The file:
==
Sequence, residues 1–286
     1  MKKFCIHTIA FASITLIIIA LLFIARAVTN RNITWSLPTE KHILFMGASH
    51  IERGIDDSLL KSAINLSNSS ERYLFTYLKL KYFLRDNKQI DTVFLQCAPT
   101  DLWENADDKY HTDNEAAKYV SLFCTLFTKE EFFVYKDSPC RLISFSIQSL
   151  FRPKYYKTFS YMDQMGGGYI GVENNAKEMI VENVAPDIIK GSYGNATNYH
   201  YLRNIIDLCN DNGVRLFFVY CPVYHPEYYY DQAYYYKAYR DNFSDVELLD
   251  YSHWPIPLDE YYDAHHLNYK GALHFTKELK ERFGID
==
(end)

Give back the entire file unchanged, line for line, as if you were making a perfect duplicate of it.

Sequence, residues 1–286
     1  MKKFCIHTIA FASITLIIIA LLFIARAVTN RNITWSLPTE KHILFMGASH
    51  IERGIDDSLL KSAINLSNSS ERYLFTYLKL KYFLRDNKQI DTVFLQCAPT
   101  DLWENADDKY HTDNEAAKYV SLFCTLFTKE EFFVYKDSPC RLISFSIQSL
   151  FRPKYYKTFS YMDQMGGGYI GVENNAKEMI VENVAPDIIK GSYGNATNYH
   201  YLRNIIDLCN DNGVRLFFVY CPVYHPEYYY DQAYYYKAYR DNFSDVELLD
   251  YSHWPIPLDE YYDAHHLNYK GALHFTKELK ERFGID